Receive a weekly summary and discussion of the top papers of the week by leading researchers in the field.

In SLAS technology

Single-cell delivery platforms like microinjection and nanoprobe electroporation enable unparalleled control over cell manipulation tasks but are generally limited in throughput. Here, we present an automated single-cell electroporation system capable of automatically detecting cells with artificial intelligence (AI) software and delivering exogenous cargoes of different sizes with uniform dosage. We implemented a fully convolutional network (FCN) architecture to precisely locate the nuclei and cytosol of six cell types with various shapes and sizes, using phase contrast microscopy. Nuclear staining or reporter fluorescence was used along with phase contrast images of cells within the same field of view to facilitate the manual annotation process. Furthermore, we leveraged the near-human inference capabilities of the FCN network in detecting stained nuclei to automatically generate ground-truth labels of thousands of cells within seconds, and observed no statistically significant difference in performance compared to training with manual annotations. The average detection sensitivity and precision of the FCN network were 95±1.7% and 90±1.8%, respectively, outperforming a traditional image-processing algorithm (72±7.2% and 72±5.5%) used for comparison. To test the platform, we delivered fluorescent-labeled proteins into adhered cells and measured a delivery efficiency of 90%. As a demonstration, we used the automated single-cell electroporation platform to deliver Cas9-guide RNA (gRNA) complexes into an induced pluripotent stem cell (iPSC) line to knock out a green fluorescent protein-encoding gene in a population of ~200 cells. The results demonstrate that automated single-cell delivery is a useful cell manipulation tool for applications that demand throughput, control, and precision.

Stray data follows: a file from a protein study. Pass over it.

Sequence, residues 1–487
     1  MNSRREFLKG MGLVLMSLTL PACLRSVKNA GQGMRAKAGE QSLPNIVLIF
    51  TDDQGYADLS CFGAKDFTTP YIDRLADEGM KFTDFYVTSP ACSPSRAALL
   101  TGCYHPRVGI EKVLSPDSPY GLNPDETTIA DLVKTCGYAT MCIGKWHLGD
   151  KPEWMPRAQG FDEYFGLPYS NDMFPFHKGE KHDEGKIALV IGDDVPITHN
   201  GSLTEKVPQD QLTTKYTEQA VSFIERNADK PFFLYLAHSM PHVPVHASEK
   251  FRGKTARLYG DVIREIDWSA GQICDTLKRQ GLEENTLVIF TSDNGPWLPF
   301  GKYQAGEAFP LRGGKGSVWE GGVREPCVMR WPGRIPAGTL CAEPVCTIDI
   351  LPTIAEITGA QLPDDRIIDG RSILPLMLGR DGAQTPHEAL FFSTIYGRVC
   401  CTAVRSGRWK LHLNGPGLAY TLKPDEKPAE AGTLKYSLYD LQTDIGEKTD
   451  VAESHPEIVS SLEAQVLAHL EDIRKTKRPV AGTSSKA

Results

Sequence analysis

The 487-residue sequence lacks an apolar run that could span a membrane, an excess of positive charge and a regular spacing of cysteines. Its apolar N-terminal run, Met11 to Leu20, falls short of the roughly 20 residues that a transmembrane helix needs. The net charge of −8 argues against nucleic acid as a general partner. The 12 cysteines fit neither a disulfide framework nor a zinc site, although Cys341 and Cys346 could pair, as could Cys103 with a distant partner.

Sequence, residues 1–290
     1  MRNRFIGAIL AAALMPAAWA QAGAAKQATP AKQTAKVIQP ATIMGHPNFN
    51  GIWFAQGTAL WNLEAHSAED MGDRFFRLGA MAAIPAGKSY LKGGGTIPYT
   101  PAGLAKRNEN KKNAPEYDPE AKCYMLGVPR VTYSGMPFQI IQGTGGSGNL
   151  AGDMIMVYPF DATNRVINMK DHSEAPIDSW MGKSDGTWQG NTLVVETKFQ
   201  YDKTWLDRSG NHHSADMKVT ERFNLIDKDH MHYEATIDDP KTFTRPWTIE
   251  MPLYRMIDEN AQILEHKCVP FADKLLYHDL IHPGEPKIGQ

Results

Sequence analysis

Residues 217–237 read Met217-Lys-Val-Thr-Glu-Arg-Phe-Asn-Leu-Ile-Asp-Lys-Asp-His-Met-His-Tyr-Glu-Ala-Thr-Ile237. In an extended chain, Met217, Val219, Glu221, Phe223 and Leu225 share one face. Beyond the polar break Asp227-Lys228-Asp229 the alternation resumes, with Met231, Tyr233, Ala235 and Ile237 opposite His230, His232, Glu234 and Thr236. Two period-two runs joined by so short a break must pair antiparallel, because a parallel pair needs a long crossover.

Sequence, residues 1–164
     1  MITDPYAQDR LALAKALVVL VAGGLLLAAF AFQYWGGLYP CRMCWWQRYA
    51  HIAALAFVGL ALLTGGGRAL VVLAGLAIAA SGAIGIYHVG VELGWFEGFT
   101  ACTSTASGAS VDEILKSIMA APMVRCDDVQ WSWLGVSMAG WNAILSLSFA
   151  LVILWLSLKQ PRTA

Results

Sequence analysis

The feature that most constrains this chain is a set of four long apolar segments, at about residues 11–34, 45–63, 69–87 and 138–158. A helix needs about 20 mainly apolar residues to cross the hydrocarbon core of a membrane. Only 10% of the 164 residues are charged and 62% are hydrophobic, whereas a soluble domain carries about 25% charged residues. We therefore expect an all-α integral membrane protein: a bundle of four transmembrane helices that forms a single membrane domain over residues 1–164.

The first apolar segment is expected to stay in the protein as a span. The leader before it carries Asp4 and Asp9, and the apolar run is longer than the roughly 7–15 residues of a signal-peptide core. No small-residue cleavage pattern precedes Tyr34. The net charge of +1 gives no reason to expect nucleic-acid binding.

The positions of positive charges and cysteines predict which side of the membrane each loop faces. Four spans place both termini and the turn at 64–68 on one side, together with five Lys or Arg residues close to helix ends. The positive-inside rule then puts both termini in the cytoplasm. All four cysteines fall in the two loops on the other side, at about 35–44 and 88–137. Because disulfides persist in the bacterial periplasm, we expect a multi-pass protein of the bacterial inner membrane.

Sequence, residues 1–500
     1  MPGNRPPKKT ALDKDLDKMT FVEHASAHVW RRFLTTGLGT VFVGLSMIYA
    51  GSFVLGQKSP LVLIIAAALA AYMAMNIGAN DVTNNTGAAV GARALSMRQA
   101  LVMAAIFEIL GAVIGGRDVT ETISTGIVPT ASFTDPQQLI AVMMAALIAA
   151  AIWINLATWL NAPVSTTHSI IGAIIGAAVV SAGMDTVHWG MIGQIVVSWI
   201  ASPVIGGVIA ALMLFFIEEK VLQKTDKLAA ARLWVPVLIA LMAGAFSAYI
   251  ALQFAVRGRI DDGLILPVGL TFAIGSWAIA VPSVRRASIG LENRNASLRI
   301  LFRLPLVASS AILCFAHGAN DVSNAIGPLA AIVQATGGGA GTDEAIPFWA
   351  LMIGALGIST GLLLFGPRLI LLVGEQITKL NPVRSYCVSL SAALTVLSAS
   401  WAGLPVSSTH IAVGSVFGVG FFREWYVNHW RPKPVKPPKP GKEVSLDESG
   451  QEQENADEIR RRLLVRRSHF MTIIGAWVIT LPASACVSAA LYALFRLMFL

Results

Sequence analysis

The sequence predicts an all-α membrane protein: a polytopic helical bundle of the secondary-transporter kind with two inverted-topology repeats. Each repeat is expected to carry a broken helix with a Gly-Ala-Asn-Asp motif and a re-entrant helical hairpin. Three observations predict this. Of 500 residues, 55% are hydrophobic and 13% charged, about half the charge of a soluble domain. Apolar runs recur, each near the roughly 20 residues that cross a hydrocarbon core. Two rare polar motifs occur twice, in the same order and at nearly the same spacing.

Patino Cesar A, Mukherjee Prithvijit, Lemaitre Vincent, Pathak Nibir, Espinosa Horacio D


CRISPR-Cas9, computer vision, deep learning, electroporation, single-cell